An alarming Wiki entry on Camerapedia has caught the attention of the Reddit community. Entitled "Radioactive Lenses," the original write-up notes that "There are a significant number of [camera] lenses produced from the 1940s through the 1970s that are measurably radioactive."
Apparently the problem is that manufacturers used to use glass containing thorium oxide, which increases the refractive index of the lenses. Unfortunately for users, thorium oxide is a byproduct of uranium production and it's freaking radioactive.
What the Reddit users started asking is just how radioactive. "Anyone with an understanding of nuclear physics," one poster wrote, "care to make some sense of those readings for cavemen like me?" Here was the answer he got:
Nuclear physicist here. Typical radiation levels [on the thorium oxide lenses] can approach 10 mR/hr as measured at the lens element's surface, decreasing substantially with distance; at a distance of 3 ft. (.9 m.) the radiation level is difficult to detect over typical background levels.
10 mR/hr is more than I would want to be exposed to for prolonged periods. In my lab alarms go off if the ambient levels get above 2 mR/hr, and 10 mR is the maximum allowed dose for an 8-hour shift.
- My lab uses very conservative limits for occupational exposure. People who clean up radioactive waste are exposed to doses many times higher and are fine.
- That is the dose rate at contact with the lens, so it will only really matter when you are handling it, and your hands are not particularly sensitive to radiation.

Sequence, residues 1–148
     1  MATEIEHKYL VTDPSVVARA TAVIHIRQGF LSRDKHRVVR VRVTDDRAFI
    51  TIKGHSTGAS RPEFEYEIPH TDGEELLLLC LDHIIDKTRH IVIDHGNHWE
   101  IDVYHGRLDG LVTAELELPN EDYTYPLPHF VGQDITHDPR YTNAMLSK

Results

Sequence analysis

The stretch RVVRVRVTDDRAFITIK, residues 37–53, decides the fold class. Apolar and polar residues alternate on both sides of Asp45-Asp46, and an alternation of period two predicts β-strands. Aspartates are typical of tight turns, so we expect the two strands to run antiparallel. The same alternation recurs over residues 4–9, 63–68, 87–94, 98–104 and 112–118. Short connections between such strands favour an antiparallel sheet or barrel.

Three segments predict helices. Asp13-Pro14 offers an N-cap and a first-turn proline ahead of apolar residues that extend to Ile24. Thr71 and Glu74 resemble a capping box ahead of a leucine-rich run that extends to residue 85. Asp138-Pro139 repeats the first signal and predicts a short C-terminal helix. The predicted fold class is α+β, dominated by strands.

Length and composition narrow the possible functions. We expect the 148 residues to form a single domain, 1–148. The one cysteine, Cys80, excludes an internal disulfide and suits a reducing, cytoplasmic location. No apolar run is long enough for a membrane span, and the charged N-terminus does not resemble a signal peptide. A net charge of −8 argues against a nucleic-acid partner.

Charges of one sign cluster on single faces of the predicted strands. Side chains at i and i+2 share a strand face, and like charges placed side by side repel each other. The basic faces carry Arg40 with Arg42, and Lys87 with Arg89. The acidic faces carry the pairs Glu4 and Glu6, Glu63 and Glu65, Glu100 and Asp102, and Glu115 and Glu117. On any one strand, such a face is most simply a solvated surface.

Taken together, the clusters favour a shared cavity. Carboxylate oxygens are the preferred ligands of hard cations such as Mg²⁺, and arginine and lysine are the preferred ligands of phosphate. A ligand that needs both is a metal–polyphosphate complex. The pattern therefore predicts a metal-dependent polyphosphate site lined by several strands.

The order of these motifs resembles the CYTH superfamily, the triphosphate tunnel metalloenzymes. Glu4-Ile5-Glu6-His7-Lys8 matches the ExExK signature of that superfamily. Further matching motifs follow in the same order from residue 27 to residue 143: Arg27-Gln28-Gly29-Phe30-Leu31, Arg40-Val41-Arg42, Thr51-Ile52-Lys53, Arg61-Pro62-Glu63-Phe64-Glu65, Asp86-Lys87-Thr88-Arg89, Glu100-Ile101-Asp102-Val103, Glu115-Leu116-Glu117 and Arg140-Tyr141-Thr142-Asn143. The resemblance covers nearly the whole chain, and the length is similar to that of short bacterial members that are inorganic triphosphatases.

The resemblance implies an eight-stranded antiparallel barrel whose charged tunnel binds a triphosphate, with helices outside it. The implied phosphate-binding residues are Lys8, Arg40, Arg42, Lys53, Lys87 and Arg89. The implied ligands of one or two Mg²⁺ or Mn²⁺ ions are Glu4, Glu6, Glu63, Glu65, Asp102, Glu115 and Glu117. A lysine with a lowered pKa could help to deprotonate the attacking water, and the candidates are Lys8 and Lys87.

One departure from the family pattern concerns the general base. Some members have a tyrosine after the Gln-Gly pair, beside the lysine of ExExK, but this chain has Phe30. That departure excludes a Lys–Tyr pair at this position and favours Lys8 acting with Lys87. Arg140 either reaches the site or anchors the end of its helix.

- I'm curious how they measured the dose, specifically whether the alpha radiation was included. Alphas can't penetrate through shit, and will be stopped by a lens cap or filters, even your clothes or epidermis. They could, in time, damage your eye and give you cataracts if you aren't wearing glasses or contacts. Our askscience health physicist explains much of this here. He quotes a study that determined a "serious outdoor photographer" would get only 2 mrem per year, which is really negligible.
The current scuttlebutt seems to be that if you're not putting your eyeball up against the lense—i.e., using the camera backwards—you'll be fine. However, if the camera's got an eyepiece also made with thorium-oxide-containing glass, you may want to re-think using it.
There's a complete list of the known afflicted camera models and lenses here.